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Lawsuit seeks more transparency in Habersham County government
Trial set to begin Monday
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Open meetings lawsuit

What: Lawsuit alleging Habersham County officials violated open meetings law

When: Trial starts at 9 a.m. Monday

Where: Habersham County Courthouse, 555 Monroe St., Clarkesville

A lawsuit alleging that the Habersham County Board of Commissioners and Habersham County Airport Authority violated open meetings and records laws on several occasions last year is scheduled to begin today in Clarkesville.

“This is a public interest lawsuit in an attempt to obtain good government,” said Gainesville attorney Julius Hulsey. “My clients are not asking for anything other than to have local government comply with the sunshine laws, and to be reimbursed for their costs and expenses for bringing this public interest lawsuit.”

The non-jury trial will be held before Senior Judge Robert Struble.

The Airport Authority is alleged to have held special meetings in February, June, July and September of 2014 without properly announcing them to the public, either by failing to publish notices in the local newspaper or failing to post notices in a timely manner at the location where such meetings were held.

The Airport Authority had been involved in a battle to hire a new fixed-base operator while ending a longtime contract with James Tatum to provide services such as fueling, hangar space, and aircraft rental, maintenance and instruction.

The Airport Authority later entered into contracts with the new FBO, Blue Sky Flight Services, and a bank to borrow money for fuel purchases, but the Board of Commissioners never signed off on the deal.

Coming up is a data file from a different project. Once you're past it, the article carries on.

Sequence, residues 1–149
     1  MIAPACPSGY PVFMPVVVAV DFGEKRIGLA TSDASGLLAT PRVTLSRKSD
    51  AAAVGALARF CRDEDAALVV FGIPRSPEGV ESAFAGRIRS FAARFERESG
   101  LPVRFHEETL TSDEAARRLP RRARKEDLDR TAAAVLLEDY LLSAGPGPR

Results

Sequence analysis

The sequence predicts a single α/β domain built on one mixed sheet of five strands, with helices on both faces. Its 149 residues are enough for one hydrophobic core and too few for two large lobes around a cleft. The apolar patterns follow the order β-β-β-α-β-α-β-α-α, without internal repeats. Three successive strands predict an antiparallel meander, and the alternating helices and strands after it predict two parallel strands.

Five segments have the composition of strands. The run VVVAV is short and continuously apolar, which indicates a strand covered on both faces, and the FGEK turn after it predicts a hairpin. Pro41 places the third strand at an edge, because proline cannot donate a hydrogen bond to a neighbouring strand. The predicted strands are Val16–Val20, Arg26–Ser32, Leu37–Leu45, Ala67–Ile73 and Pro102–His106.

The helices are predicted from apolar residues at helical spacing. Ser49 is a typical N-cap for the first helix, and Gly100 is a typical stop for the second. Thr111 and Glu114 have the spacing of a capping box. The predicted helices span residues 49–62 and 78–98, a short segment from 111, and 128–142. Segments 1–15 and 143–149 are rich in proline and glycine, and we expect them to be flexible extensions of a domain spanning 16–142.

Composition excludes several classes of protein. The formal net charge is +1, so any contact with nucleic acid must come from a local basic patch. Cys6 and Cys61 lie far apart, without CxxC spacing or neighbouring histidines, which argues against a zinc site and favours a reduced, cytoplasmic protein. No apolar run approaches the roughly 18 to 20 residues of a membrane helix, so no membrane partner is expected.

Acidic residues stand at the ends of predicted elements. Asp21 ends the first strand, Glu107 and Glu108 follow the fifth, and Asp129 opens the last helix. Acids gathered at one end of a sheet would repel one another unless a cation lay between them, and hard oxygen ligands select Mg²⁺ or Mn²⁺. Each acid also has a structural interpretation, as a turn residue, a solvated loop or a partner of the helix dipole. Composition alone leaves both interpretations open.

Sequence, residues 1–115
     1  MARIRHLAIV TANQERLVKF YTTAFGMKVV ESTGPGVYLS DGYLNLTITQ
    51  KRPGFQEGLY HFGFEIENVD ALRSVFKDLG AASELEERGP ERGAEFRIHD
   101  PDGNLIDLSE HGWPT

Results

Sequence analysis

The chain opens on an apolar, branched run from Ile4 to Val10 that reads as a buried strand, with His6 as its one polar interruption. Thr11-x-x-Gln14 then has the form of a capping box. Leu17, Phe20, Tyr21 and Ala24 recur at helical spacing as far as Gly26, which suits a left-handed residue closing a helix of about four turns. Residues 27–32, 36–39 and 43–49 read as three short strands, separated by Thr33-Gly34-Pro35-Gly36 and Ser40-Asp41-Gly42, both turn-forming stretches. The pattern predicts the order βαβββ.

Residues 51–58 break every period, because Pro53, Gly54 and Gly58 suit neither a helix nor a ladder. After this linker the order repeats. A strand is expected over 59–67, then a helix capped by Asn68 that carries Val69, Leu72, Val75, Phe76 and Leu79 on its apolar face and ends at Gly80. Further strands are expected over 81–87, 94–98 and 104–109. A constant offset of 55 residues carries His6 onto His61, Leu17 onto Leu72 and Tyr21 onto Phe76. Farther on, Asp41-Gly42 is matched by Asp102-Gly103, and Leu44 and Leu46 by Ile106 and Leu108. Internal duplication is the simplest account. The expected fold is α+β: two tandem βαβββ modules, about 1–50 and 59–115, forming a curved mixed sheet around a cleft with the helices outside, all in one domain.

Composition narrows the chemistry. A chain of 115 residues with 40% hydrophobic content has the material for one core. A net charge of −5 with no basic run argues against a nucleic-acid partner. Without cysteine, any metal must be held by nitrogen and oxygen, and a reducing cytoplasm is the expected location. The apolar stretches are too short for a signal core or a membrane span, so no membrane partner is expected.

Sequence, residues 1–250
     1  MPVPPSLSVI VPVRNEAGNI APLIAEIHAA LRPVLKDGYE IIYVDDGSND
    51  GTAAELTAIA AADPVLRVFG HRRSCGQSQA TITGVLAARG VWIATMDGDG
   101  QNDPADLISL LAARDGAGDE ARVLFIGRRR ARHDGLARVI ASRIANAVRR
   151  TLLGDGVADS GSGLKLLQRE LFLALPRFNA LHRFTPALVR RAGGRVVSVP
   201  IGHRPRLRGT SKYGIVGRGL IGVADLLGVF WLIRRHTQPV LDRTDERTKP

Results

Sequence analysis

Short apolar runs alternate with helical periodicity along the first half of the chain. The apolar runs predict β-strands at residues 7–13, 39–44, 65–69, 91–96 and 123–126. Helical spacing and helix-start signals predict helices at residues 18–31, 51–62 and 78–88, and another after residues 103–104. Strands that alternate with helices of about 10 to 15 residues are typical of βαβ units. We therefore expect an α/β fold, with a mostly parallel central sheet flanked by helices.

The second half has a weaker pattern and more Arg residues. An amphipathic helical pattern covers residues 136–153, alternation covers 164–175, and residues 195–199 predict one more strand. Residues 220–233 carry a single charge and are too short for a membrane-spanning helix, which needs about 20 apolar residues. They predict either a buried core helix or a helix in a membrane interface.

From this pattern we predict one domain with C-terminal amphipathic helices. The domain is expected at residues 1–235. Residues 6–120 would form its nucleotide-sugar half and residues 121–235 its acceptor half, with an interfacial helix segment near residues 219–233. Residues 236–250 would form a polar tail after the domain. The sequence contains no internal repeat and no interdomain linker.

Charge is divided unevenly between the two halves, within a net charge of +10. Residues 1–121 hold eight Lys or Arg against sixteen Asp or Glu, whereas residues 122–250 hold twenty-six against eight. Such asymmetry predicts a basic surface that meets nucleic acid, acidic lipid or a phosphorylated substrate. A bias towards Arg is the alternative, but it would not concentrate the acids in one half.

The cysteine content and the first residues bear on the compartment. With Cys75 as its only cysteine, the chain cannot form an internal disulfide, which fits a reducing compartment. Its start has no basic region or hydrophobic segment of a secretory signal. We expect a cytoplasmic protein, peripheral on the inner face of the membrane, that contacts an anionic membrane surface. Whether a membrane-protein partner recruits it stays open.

That led to a judge’s order in January requiring Habersham commissioners to review the agreements and approve or disapprove them in a public meeting.

In June, Hulsey filed the latest suit, with residents and whistleblowers as plaintiffs, which alleges that Habersham officials have “demonstrated their disdain for the law of the state as it required them to notice public meetings, keep accurate minutes and respond to open records requests.”

The lawsuit claims that officials improperly called closed meeting sessions last year, possibly to discuss the FBO contract, and used private email addresses to communicate and share records in an effort to circumvent transparency laws.

“In several cases we found records were not being produced in response to open records requests and in some cases being destroyed after the lawsuit had been filed,” Hulsey said.

A former deputy clerk of finance in the Habersham County Magistrate Court has claimed that she was wrongly terminated because of these suits.

Janice Griggs and others served as the lead plaintiffs in both lawsuits, and Hulsey said county officials told him she was fired in a cost-cutting move to benefit taxpayers.

Commissioners and members of the Airport Authority have denied the allegations against them, and have requested that the court deny plaintiffs’ claims and “enter an order finding no violations of the Open Meetings Act with regard to the executive session minutes.”

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